The major claim made for Buache's map of 1739 - often incorrectly dated to 1737 - is that the chart has a wholly accurate drawing of Antarctica's subglacial topography. This means that the map shows the solid landmass of Antartica, which is currently concealed beneath a vast sheet of ice. Such a feat would be truly amazing, as scientists believe that Antarctica has been covered by ice for over forty thousand years, and sub-glacial mapping was only possible during the 20th century. From these suggestions, the map has been cited as evidence of an ancient civilisation that navigated the globe and recorded their findings, while Buache has become the final person in a long line of copyists, who reproduced earlier maps carrying this antediluvian knowledge. Thanks to Graham Hancock's multi-million selling Fingerprints of the Gods, Buache has Web sites devoted to his map, and he is named in books, journals and television programs because: "...the extraordinary feature of Buache's map is that it seems to have been based on source maps made earlier, perhaps thousands of years earlier...What Buache gives us is an eerily precise representation of Antarctica as it must have looked when there was no ice at all." (Graham Hancock, Fingerprints of the Gods (London, 1995) ).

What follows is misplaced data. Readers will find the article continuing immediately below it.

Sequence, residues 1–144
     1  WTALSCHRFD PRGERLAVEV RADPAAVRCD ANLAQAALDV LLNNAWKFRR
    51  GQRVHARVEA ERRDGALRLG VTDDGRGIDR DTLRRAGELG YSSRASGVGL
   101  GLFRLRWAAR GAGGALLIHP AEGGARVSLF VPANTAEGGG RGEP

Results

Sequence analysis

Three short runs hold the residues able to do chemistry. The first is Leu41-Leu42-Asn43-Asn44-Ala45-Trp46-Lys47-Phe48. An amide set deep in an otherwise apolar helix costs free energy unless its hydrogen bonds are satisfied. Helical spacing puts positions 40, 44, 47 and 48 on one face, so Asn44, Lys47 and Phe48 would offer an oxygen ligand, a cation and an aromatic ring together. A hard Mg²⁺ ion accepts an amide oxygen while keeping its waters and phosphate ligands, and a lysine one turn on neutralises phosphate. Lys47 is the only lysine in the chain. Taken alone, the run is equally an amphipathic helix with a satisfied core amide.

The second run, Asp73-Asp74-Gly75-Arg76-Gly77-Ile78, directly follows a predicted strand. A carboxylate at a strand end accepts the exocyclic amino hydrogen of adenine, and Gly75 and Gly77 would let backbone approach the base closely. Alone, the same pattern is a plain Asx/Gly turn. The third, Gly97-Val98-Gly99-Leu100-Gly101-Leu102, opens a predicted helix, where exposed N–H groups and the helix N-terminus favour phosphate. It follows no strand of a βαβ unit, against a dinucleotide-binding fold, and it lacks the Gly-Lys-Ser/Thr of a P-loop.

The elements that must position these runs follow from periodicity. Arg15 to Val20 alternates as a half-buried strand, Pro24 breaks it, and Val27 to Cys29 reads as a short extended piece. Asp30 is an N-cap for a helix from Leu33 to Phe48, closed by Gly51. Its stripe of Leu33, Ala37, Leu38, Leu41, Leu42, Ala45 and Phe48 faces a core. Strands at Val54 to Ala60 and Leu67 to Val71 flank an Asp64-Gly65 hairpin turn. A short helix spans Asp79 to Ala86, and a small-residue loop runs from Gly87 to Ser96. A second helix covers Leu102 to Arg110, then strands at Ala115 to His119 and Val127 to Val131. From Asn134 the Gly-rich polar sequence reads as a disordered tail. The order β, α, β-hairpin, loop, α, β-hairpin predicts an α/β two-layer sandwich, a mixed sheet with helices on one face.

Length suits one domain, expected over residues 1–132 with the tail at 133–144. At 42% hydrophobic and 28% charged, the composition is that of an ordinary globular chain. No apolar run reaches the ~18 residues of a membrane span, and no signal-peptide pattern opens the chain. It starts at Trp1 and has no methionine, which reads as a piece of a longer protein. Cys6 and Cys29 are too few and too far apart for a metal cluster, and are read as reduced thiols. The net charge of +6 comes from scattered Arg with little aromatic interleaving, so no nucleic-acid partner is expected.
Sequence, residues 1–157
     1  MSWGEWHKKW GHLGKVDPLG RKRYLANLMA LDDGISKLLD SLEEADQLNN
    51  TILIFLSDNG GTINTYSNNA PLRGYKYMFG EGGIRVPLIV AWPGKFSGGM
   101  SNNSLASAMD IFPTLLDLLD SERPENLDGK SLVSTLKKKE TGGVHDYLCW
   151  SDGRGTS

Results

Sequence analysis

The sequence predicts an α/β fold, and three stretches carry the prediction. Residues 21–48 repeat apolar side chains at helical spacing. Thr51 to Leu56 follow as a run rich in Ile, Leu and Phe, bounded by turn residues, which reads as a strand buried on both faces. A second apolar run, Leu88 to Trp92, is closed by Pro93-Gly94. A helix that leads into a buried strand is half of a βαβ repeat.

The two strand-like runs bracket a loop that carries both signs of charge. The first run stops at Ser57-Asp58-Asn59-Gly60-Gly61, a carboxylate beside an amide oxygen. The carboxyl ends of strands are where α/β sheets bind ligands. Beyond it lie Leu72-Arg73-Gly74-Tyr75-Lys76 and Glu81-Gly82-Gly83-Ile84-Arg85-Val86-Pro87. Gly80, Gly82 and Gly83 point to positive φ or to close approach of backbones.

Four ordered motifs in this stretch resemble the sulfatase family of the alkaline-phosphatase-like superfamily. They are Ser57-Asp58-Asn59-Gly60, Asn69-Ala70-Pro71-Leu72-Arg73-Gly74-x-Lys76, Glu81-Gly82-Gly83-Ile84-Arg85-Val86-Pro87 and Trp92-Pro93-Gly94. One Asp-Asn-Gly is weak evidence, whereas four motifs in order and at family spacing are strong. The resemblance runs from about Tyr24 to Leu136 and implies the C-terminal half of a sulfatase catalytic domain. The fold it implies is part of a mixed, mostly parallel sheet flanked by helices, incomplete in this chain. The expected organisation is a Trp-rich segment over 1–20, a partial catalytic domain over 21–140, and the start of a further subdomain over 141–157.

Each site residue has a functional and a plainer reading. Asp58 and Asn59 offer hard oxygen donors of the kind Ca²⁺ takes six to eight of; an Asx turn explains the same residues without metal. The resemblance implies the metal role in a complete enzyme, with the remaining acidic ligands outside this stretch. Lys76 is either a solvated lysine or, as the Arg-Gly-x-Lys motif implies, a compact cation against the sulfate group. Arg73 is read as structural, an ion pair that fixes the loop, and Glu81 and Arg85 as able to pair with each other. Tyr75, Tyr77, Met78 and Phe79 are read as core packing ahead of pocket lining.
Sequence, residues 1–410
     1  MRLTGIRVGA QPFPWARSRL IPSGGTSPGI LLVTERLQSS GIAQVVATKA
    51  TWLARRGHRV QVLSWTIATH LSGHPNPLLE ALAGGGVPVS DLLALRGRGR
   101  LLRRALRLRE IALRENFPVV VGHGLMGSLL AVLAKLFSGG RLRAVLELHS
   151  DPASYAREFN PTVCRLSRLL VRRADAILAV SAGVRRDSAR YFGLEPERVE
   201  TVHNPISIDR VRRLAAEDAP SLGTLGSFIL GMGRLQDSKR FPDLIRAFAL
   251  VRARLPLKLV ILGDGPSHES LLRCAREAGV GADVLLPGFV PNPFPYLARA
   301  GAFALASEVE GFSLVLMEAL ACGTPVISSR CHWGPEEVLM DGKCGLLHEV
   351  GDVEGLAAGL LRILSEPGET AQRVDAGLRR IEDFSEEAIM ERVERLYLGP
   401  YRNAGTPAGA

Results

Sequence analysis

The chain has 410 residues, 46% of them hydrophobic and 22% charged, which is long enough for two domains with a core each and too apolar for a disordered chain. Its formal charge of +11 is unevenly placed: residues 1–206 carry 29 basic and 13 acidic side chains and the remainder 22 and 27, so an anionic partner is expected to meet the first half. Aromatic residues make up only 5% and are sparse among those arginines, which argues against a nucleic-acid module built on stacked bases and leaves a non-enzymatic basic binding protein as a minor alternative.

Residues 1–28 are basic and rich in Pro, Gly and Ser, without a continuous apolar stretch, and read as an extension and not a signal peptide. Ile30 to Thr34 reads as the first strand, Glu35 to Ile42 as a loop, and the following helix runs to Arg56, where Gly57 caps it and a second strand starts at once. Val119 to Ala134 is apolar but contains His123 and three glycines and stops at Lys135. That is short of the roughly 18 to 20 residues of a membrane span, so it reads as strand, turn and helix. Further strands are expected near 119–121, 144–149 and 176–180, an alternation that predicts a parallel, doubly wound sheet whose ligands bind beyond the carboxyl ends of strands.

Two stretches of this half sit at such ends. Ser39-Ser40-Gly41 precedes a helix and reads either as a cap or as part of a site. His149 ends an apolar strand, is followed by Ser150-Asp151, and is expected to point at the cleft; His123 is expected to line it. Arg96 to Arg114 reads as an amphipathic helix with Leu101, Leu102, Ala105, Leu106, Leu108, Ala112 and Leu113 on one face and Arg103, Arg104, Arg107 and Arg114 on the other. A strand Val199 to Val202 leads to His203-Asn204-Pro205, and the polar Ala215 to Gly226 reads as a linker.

Most of the claims regarding the 1739 map's apparent topographical detail stem from a 1966 book by Charles Hapgood, entitled Maps of the Ancient Sea Kings, which claimed that Buache had accurately depicted Antarctica as it would look without ice. Hapgood's methods, and those of his later followers, have been criticized from many angles, but there is one astonishingly simple problem with their ideas - nobody knows, or is likely to know for thousands of years, what the polar landmass would be like without ice. Present sub-glacial mapping merely reveals what the land looks like today, with many tons of glacier sat on top of it; should this melt, either over millennia or in a few days, the removal of such a vast weight would allow the compacted landmass to expand. In some places, the Antarctic bedrock has thirty tons per square foot pressing down on it - without this, the land rises and grows, and we have no way of predicting the result. In short, it is ridiculous to conclude that Buache has drawn accurate sub-glacial topography, because there is no evidence on which to judge. Equally, if the map resembles the current, crushed, landmass, then that is mere coincidence and, to summarise many pages of cartographic argument, it doesn't. So what does Buache's map really show?